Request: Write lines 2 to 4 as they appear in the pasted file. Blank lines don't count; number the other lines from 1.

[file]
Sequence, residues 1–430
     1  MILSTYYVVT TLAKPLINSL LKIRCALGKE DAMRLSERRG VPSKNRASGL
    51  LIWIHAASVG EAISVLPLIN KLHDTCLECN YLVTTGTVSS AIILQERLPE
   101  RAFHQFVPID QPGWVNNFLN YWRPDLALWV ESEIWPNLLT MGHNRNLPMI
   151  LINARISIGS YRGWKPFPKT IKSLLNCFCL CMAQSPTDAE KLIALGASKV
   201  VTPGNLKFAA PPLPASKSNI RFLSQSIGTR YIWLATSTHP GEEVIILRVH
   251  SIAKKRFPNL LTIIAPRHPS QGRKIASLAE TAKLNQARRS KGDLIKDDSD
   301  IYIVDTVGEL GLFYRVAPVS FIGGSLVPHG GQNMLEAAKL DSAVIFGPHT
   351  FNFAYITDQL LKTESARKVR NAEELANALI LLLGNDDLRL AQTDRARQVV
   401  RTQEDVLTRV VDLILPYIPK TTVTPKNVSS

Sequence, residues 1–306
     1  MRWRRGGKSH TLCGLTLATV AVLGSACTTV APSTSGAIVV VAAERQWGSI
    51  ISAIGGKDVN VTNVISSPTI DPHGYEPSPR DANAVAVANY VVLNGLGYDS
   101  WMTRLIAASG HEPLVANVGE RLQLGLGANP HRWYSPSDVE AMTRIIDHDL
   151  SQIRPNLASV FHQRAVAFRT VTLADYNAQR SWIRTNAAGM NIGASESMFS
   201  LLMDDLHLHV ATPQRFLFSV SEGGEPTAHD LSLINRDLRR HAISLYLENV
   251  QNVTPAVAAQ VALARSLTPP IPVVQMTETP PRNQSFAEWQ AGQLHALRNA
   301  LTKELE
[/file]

     1  MILSTYYVVT TLAKPLINSL LKIRCALGKE DAMRLSERRG VPSKNRASGL
    51  LIWIHAASVG EAISVLPLIN KLHDTCLECN YLVTTGTVSS AIILQERLPE
   101  RAFHQFVPID QPGWVNNFLN YWRPDLALWV ESEIWPNLLT MGHNRNLPMI